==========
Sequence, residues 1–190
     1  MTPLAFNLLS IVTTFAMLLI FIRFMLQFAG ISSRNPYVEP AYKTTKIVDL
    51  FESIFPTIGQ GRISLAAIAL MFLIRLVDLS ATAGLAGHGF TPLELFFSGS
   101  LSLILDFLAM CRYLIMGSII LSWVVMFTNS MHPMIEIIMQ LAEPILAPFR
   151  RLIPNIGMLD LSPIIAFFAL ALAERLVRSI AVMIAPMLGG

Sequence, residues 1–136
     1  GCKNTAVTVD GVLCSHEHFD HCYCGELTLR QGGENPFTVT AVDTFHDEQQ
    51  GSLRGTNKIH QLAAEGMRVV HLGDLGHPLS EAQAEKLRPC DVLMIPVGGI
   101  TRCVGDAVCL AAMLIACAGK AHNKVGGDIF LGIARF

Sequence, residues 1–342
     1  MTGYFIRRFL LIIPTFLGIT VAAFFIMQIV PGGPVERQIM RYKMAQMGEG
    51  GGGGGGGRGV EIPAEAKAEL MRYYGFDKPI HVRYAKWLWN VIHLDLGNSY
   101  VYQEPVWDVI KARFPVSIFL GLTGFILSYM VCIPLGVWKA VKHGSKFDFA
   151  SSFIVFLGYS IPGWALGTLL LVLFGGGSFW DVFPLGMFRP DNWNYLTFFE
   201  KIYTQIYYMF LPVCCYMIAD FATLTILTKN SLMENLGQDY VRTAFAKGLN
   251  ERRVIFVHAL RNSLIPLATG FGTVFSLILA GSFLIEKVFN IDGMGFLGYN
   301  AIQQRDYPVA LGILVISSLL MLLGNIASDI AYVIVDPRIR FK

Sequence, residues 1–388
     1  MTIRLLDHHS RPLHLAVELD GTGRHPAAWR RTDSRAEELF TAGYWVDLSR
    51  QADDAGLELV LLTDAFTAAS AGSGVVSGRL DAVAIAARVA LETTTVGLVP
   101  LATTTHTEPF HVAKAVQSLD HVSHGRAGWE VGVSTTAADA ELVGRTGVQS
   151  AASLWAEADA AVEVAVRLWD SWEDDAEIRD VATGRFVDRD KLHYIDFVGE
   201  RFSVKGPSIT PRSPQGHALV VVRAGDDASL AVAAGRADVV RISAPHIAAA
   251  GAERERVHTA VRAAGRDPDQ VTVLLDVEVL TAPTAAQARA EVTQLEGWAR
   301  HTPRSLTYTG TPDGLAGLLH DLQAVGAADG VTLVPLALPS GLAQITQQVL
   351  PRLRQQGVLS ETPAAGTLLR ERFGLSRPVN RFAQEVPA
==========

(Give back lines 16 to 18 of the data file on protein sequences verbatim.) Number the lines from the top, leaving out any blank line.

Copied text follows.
   251  ERRVIFVHAL RNSLIPLATG FGTVFSLILA GSFLIEKVFN IDGMGFLGYN
   301  AIQQRDYPVA LGILVISSLL MLLGNIASDI AYVIVDPRIR FK

Sequence, residues 1–388